As challenging as it is to run a successful business in today’s economy, no organization can escape meeting the needs of its multigenerational workforce. Along with such diversity comes obstacles that can make any work environment an unpleasant one. Here are some ways businesses can lead a generational workforce to improve employee relations, the work culture and environment.
Get Everyone on the Same Page
Most of today’s work generation is comprised of individuals who have forsaken the nine to five job culture to run their own business. Along the way, they’ve managed to hire professionals who are much older and more experienced than they are. While this can be a boon to any organization, it can also be a pitfall if there are problems with communication. To prevent a breakdown in communication, make sure that everyone’s roles are clearly defined so no boundaries are crossed. Many older workers tend to have take-charge attitudes no matter what positions they may hold within an organization. This can lead to them overstepping their bounds and making decisions that they are not qualified or authorized to make. Prevent this from happening by identifying their roles and making sure they know what is expected of them upfront. Clearly outline when it is and when it is not acceptable for them to make decisions and actions without your approval.
Eliminate Personal Chatter
Creating a happy and healthy work culture while trying to lead a generational workforce is hard work. It is not uncommon for older workers to speak and offer advice on things that are not work-related. While this advice may occasionally be solicited, it is not very appropriate for the work environment. Pay attention to work conversations and the banter of all that are around. Make sure that any conversations that are being had are work-related and not personal. You are in charge of your organization and are responsible for what goes on. Stand up, lead by example and make it known what type of conversation is acceptable and what is not.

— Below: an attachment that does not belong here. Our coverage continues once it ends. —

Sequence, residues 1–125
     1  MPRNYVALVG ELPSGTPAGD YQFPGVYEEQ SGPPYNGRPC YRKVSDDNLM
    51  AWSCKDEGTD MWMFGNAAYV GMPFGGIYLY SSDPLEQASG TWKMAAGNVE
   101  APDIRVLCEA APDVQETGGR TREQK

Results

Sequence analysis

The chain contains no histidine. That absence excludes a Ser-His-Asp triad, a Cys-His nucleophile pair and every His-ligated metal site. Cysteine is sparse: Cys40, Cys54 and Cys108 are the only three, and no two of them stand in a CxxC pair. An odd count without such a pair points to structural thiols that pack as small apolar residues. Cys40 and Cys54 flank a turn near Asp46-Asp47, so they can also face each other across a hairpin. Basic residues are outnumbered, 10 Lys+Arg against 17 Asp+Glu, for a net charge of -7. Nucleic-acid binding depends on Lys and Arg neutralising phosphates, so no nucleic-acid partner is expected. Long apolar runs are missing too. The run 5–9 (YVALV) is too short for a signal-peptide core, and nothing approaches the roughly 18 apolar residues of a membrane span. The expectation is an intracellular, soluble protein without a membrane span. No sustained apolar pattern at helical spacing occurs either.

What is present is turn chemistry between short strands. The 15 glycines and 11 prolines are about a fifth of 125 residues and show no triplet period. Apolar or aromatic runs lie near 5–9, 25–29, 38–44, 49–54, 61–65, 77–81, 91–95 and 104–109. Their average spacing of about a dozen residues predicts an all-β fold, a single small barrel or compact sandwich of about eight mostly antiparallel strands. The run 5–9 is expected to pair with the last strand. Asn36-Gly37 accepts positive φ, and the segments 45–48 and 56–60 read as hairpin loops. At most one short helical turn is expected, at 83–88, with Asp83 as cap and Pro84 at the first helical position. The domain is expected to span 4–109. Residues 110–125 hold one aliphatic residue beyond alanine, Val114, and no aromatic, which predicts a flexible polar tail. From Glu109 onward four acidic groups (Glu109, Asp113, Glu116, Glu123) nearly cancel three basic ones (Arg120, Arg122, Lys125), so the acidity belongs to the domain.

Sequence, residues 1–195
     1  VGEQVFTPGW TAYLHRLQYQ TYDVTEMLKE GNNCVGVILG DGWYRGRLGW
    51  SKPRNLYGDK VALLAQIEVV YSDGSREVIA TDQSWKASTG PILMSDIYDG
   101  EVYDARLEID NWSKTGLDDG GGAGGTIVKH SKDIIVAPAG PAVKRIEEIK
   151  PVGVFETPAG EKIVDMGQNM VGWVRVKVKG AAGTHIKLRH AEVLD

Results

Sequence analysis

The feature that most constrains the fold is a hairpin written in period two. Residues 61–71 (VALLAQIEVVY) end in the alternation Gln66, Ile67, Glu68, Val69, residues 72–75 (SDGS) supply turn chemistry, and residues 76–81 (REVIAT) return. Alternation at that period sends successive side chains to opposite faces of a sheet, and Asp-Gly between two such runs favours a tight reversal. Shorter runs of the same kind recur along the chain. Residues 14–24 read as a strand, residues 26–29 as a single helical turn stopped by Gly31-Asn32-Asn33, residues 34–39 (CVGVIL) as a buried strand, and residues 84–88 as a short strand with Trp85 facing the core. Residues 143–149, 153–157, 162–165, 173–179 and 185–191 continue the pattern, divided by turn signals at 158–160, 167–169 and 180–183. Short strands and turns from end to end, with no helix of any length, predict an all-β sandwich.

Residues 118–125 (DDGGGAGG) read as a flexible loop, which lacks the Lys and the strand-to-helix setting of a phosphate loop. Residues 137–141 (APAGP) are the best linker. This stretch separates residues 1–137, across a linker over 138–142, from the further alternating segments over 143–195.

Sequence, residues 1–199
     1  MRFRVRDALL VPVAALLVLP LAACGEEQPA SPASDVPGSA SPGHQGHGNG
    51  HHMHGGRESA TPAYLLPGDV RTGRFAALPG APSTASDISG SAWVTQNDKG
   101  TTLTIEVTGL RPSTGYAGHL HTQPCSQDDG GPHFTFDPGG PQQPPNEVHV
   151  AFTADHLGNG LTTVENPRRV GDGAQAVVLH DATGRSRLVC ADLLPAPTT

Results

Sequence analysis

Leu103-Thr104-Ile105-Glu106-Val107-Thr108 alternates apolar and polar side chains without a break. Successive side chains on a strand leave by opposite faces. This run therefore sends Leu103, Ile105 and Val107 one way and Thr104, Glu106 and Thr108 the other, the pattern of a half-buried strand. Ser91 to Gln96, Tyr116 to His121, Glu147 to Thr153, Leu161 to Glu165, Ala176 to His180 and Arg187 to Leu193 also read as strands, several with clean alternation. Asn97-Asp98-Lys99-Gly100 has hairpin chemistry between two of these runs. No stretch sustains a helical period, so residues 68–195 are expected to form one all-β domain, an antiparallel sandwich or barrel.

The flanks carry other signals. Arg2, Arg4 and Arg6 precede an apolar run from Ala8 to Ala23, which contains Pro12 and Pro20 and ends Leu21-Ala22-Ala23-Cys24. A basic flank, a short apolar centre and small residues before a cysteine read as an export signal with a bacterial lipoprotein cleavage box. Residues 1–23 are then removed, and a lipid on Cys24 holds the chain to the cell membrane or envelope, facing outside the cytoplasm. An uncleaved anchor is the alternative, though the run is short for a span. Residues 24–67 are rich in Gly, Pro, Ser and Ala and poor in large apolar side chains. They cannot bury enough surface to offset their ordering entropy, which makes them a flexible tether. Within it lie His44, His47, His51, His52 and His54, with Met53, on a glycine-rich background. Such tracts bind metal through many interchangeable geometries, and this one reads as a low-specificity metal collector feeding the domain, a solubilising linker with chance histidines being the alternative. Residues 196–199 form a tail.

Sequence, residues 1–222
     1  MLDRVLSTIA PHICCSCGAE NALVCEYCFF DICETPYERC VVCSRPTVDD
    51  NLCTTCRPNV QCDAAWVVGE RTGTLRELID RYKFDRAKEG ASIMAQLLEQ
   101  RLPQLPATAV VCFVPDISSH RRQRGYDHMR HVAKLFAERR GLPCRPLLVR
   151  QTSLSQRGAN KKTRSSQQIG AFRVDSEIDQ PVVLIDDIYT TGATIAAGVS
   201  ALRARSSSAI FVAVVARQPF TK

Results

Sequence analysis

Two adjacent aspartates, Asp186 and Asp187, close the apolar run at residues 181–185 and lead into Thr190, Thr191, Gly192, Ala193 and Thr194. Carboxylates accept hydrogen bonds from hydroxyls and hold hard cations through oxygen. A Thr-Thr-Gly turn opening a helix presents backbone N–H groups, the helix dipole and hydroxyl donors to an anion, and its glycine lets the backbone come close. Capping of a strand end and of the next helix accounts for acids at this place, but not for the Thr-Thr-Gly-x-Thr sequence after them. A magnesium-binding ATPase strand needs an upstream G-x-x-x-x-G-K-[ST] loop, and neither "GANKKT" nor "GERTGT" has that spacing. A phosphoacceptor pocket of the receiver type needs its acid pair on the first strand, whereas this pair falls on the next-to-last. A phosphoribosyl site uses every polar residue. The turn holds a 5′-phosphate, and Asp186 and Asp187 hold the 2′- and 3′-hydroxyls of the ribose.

Facilitate Knowledge Transfer
Many baby boomers want to share their experiences with those around them. Take advantage of this tendency by encouraging them to share relevant experiences with their coworkers. Many older people have experienced situations that have taught them valuable lessons that you and your organization may be able to benefit from as well. Be prepared to listen to them and use that information to improve the way you manage your company. Remember, to lead a generational workforce, you have to lead it.
Don’t Hire Overqualified Candidates
Today’s younger workforce is made of individuals who tend to get bored easily. They are also inquisitive, impatient and full of energy. One way to keep things challenging in the workforce without creating extra stress, tension or work is to avoid hiring professionals who are overqualified. Individuals who are overqualified tend to experience more frustration and discontent when performing work they feel is beneath their skill, interest and qualification level. No matter how much an individual claims they need a job that they are obviously way to qualified for, it is best to pass them up for someone whose skills, credentials and experience better match the position.
Keep Things Challenging
Millennials tend to be very energetic and are able to multitask more than their baby boomer counterparts. This can lead to some difficulty in the workplace since the younger generation may be able to complete their work tasks faster and more efficiently. This can make it challenging to motivate them to work longer hours or to perform additional tasks as needed. A great way to overcome this road block is to focus on each employee’s strength and weaknesses when delegating work duties and roles. Encourage employees to seek out guidance and work that’s a bit more challenging than what they are used to. Offer training and certification courses to help incentivize workers to perform their duties and meet your organization’s needs while enhancing their skills.
Be Clear and Direct
Many millennials have a constant need for attention and feedback. When relaying information or job duties, make sure you are clear and direct. Provide feedback often so younger employees know what they need to do and how to act. Failure to be specific and provide regular feedback can become a source of frustration for everyone and make it harder for you to lead a generational workforce. Remember, in order to lead a generational workforce, you need to have clear goals and processes in places. Don’t hesitate to make it known what your expectations and requirements are. Be prepared to enforce them while being the example for everyone to follow. There are many ways you can build and lead a generational workforce. Mighty Recruiter has resources available that can help you to better improve your company’s work environment and processes.